Thankfully, examples of Tabarka Studio’s designs were visible on the wall, as the Wednesday night opening for the artisan tile and flooring brand’s new LA showrooms was packed. Between the designer crowd and the Flamenco dancing performance (an excellent way to showcase the flooring), spotting Tabarka’s collection of handcrafted surfaces in stone, wood, mosaic, cement, and terrazzo might have been a challenge for the uninitiated (or those not in heels).
The event was something of a coming out party for the Scottsdale-based company. “Tabarka has been a secret source and private label for years to other surfaces brands,” Meir Zenati, the brand’s creative director, has said. “With our first showroom experience opening in L.A., we’re excited to mark a new chapter where we are presenting new work under the Tabarka name, as a fully realized lifestyle brand of our own.”
Most design insiders have sought out the company for their collection of hand-painted terracotta tiles. Distinguished by their color and pattern—more than 200 options exist—each tile is painted individually and has been known to star in kitchens and bathrooms that refuse to march into the great, white subway tile abyss.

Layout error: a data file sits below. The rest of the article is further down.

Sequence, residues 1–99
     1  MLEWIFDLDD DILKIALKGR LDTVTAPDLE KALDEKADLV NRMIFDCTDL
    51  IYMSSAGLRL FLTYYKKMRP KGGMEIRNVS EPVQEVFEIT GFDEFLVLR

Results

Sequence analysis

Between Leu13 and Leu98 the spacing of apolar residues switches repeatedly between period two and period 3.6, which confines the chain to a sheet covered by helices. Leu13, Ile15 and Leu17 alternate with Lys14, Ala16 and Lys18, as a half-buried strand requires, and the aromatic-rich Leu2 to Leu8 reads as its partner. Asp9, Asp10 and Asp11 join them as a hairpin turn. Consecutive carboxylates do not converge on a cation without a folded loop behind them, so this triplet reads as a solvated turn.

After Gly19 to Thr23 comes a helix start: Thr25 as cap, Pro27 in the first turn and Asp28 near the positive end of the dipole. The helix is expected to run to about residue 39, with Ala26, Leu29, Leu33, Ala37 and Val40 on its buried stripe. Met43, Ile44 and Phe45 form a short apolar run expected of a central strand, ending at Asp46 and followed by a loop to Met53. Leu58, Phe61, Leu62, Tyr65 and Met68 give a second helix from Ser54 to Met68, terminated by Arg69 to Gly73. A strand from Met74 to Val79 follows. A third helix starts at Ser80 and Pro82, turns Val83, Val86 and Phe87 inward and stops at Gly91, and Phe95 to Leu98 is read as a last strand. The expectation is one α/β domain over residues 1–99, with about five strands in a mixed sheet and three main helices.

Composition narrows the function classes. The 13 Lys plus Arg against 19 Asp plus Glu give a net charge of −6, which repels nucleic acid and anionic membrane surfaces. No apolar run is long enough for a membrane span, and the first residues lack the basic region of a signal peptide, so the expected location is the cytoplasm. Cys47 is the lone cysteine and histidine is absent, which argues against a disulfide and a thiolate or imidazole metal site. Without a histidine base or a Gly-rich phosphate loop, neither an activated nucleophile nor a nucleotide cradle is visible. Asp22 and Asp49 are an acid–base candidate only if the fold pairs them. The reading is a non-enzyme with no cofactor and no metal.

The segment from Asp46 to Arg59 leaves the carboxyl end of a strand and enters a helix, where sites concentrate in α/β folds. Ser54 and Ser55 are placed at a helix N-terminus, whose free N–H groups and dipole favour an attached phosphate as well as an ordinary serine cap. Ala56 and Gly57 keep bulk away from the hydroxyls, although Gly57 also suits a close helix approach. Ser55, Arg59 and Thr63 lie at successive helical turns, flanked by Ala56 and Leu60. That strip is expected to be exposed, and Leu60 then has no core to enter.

While tile hasn’t traditionally earned top billing in the home, lately it has seen serious momentum. Major players are unveiling collaborations and brands are pushing the material’s aesthetics in unexpected ways. In U.S. cities like Los Angeles and New York, where tile is so embedded in the cultural and visual landscape, the emphasis on tile never diminishes. Still, cool surfaces are hardly a regional thing, as Houston designer Nina Magon demonstrates.
As Zenati has expanded Tabarka’s line, he has explored the juxtaposition of materials to create stylish updates with dimension. Petite Alliance is the company’s waterjet mosaic collection that incorporates wood and stone. The big debut this week was a special terrazzo flooring collection featuring brass inlay and the throwback chic of Southern California’s mid-century modern/Palm Springs glory days. “We chose terrazzo with inlaid brass accents to convey the elegance of this era…think glamorous mid-century homes of Trousdale, and the grand floors of Deco movie palaces of Broadway Theatre District in Downtown L.A.,” says Zenati of a collection that is much easier to view after the party has wrapped.